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SALT LAKE CITY — Five months ago, my wife and I brought our first child home from the hospital and began our crash course in parenthood together. At first, we fumbled through the routines of swaddling and diapering, which got easier with weeks of practice. Breast-feeding, on the other hand, did not. Gradually, we transitioned fully to feeding with formula.
Some version of this scenario is not unusual in the U.S., where the Center for Disease Control reports that 60 percent of 3-month-old infants are not breast-fed exclusively; by 6-months-old, this number rises to about 81 percent.
Feeding with an alternative to breast milk is also not anything new. There is evidence that, even as far back as 4,000 years before baby formula was created, our ancient human ancestors were turning to milk from various livestock to help sustain their infants. As far back as 38 years ago, I too was raised on mostly formula – just like my child. But a lot has changed since then.
The most recent development in the quest to bridge the biochemical gap between breast milk and bottle-feeding is the addition of human milk oligosaccharides to infant formula. As a new dad and biochemist, seeing HMOs in infant formula for the first time this year intrigued me.
HMOs are the third most abundant class of biomolecules in breast milk behind lactose and lipids (fats). Like fiber, an HMO could be described as a complex carbohydrate. More specifically, it is a lactose-based short chain of sugar molecules.
Unlike lactose and other constituents of breast milk, HMOs are nondigestible and appear to have no metabolic purpose for the infant. Until recently, this has made their abundance in breast milk somewhat of a mystery.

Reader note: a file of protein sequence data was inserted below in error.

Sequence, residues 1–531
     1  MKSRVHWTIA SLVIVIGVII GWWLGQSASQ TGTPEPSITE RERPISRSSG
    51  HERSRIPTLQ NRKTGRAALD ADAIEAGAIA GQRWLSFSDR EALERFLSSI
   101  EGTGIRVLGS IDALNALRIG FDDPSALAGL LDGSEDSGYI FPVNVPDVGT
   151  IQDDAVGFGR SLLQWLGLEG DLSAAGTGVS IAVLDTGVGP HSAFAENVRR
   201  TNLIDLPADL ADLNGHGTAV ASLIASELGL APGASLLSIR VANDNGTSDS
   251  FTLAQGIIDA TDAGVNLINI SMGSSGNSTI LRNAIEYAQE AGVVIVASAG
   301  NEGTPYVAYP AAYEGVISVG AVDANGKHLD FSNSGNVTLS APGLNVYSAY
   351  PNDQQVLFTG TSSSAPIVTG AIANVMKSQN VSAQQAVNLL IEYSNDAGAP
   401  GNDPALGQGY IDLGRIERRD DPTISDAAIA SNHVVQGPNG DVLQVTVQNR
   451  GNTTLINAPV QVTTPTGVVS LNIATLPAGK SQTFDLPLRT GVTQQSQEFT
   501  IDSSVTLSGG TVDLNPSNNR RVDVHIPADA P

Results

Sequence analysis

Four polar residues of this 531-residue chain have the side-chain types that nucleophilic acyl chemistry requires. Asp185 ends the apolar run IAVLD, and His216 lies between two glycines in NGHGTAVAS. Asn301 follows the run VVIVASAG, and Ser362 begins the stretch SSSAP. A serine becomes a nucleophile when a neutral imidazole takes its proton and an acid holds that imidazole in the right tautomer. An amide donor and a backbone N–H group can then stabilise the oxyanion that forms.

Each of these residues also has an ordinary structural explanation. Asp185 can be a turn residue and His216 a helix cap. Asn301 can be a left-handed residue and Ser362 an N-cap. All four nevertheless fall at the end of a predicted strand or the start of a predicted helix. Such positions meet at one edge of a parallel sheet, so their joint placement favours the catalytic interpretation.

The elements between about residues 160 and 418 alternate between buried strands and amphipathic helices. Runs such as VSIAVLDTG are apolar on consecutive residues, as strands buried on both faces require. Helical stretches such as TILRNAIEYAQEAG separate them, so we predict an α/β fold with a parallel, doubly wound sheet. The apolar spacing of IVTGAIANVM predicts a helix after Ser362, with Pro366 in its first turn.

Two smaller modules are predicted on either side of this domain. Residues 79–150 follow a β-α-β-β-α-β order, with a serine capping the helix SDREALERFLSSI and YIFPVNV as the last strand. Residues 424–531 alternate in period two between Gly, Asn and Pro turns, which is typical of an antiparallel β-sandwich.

As it turns out, however, HMOs are a source of nutrition, just not for the infant.
During the past decade or so, scientific research has pried open the Pandora’s box of the human microbiome. Scientists have learned there are a lot of microbes living inside humans and our relationship with them appears to be far more symbiotic than we ever knew. This is especially important in the gastrointestinal system, where humans may have up to 1,000 different microbe species cohabitating with your gut.
But we aren’t born this way. The relatively sterile bellies of newborn babies are first populated with microbes acquired from mom via the messy process of child delivery, followed by breast-feeding, and eventually from fingers, toys, pacifiers and everything else that meets up with their mouths.
Among the first symbiotic colonizers of newborn bellies are various species from the bacterial genus Bifidobacterium. In this group, there are several species, and they are the most abundant microbes in both formula and breast-fed infants. Several other types of bacteria can be present in the infant gut as well, and the microbial demographics will vary from person to person, according to age and feeding mode.
We now understand that HMOs are a favorite snack for the Bifidobacterium and many of these other early colonizers that contribute to healthy digestive and immune systems.